The quarterbacks and the offense as a whole have a ton of work to do in the classroom this fall. Any time there is a new staff in place there is going to be a learning curve when it comes to scheme. What makes it worse is that there isn't a quarterback on the roster that is particularly known for being proficient at reading defenses or understanding offensive schemes. That is huge because for the next three months and change they will be leading the workouts without the aid of their coaches.


My Takeaway:
Overall not much should be read into the Spring scrimmage, good or bad. Spring games have grown increasingly overrated in my opinion. The rebuilding process is going to take much longer than 15 practices. But overall I have been very pleased with the coaching staff and the way they are progressing this team in the right way.

The most interesting thing that happened on Saturday occurred before a ball was even snapped. As the team ran out Coach Miles noticed they lacked energy and appeared to be going through the motions, so he made them do it again. That's the kind of accountability and attitude that has been lacking on this team.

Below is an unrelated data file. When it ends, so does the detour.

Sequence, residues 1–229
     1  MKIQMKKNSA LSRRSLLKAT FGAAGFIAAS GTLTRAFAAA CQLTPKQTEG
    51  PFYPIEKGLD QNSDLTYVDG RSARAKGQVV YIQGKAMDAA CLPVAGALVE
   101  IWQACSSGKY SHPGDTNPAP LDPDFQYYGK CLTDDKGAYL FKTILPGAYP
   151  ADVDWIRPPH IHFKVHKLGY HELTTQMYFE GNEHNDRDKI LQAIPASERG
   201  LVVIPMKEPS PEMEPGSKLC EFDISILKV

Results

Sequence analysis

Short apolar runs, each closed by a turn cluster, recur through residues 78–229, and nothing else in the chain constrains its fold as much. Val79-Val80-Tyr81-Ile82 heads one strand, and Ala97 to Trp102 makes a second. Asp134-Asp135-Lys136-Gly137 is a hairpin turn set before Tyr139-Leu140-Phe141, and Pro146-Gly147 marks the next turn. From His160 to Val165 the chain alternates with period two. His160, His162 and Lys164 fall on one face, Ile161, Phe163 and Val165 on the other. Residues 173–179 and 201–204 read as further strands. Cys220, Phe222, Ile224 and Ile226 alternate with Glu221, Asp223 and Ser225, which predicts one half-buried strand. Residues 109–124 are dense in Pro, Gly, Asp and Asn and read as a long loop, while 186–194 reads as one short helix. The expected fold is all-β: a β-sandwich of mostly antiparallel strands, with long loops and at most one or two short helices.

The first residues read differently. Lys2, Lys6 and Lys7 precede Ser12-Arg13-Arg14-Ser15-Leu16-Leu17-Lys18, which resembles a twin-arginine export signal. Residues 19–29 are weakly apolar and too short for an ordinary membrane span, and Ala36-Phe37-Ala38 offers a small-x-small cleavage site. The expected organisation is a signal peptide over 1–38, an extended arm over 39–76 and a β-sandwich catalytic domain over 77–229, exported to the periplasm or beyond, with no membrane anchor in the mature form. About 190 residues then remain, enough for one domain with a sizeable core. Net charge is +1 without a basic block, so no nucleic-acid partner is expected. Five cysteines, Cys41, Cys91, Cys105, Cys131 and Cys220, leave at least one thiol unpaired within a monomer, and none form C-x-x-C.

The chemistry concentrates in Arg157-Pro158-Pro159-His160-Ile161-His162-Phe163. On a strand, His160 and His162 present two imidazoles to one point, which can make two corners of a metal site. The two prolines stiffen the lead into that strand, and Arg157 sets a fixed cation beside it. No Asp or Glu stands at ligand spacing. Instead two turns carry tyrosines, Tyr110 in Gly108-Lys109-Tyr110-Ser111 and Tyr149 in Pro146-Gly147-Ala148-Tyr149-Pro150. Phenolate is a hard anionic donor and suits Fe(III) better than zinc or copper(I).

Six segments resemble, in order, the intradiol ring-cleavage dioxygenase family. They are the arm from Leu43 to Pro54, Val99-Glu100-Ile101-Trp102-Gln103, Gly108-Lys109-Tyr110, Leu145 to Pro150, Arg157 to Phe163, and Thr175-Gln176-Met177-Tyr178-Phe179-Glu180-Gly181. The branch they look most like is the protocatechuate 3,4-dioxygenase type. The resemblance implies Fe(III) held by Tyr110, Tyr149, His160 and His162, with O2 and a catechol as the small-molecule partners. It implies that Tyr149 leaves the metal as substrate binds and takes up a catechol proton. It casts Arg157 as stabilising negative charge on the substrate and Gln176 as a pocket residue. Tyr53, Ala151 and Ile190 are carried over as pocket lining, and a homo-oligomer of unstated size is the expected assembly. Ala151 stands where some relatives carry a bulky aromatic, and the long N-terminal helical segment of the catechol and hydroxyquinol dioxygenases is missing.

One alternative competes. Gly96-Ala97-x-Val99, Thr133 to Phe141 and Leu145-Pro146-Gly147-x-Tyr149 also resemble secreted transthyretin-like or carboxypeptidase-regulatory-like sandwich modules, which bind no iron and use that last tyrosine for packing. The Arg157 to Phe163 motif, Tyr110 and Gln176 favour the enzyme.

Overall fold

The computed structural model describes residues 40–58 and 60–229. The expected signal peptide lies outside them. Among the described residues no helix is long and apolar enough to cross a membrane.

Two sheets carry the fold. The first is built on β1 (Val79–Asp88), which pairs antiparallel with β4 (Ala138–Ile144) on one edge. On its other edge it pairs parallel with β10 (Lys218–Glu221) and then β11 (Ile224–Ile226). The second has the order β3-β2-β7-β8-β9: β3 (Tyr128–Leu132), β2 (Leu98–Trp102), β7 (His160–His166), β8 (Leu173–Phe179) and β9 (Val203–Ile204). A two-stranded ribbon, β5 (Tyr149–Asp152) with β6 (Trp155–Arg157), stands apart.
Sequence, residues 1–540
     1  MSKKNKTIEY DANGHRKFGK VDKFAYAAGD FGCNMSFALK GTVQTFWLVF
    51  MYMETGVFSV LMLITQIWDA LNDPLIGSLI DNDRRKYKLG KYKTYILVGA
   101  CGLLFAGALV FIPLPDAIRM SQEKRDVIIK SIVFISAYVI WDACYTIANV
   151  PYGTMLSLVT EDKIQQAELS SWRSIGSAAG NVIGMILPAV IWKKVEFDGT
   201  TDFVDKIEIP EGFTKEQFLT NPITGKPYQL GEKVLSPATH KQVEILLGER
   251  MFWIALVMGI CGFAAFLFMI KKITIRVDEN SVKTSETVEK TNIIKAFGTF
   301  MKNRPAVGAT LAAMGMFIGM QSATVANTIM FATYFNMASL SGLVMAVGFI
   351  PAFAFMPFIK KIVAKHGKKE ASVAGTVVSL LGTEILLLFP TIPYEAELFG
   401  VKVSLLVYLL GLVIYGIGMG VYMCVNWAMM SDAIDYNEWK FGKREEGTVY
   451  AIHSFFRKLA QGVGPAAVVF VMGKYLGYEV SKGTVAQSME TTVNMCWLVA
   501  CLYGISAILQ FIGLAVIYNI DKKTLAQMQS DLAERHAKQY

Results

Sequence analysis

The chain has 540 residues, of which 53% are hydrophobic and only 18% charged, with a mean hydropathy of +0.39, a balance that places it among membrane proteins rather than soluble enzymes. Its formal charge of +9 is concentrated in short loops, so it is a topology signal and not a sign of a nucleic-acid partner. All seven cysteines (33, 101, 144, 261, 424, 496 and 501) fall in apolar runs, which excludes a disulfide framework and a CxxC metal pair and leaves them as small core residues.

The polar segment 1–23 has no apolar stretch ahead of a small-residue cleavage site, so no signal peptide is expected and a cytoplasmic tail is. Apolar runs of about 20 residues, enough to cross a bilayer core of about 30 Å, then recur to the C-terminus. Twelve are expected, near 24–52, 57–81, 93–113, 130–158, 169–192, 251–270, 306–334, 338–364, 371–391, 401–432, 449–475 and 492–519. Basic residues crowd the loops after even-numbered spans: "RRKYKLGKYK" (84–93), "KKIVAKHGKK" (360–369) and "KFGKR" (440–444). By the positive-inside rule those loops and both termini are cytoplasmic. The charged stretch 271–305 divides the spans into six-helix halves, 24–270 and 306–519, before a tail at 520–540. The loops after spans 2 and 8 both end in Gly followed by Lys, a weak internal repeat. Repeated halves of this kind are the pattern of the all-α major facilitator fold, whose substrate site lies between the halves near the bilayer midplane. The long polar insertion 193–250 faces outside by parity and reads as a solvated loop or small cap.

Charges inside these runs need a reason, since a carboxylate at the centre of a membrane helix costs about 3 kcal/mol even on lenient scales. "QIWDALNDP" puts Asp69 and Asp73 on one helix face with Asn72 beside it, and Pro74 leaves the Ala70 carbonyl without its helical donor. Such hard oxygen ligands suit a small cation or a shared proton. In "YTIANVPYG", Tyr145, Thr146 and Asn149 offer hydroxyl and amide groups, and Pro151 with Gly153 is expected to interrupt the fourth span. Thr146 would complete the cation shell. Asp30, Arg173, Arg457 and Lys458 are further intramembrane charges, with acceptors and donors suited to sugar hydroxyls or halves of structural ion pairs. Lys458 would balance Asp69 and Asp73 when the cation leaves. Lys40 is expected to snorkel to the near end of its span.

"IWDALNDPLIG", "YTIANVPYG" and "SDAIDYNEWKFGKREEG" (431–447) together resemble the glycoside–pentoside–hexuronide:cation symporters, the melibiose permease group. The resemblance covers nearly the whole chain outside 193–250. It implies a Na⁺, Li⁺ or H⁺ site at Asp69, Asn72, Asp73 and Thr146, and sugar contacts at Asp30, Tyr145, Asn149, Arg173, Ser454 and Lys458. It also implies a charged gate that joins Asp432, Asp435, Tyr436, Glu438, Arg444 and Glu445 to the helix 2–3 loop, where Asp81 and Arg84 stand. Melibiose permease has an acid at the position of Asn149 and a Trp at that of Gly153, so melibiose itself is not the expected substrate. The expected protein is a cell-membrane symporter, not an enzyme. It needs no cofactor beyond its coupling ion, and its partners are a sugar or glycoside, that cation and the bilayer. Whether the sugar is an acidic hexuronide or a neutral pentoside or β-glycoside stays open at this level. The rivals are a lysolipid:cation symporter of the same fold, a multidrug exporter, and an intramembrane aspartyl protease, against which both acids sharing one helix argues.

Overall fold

• Great analysis Chris. As you mentioned in another thread, it's helpful to note certain things from Spring. Our QBs performance all spring was uneven and it's absolutely critical they take steps this summer for us to have a chance to move the ball.

    I was encouraged by Gerald Howse as he had some nice runs. With basically our two top WRs, our LT and at least one interior lineman that will likely start vs. Samford out, the defense SHOULD have roughed up the offense.

    The defensive line and linebackers only get stronger on June 4th when the Freshman arrive. My biggest concern heading into this Fall will be our safeties as I honestly could not tell you who I'd start at either FS or SS right now.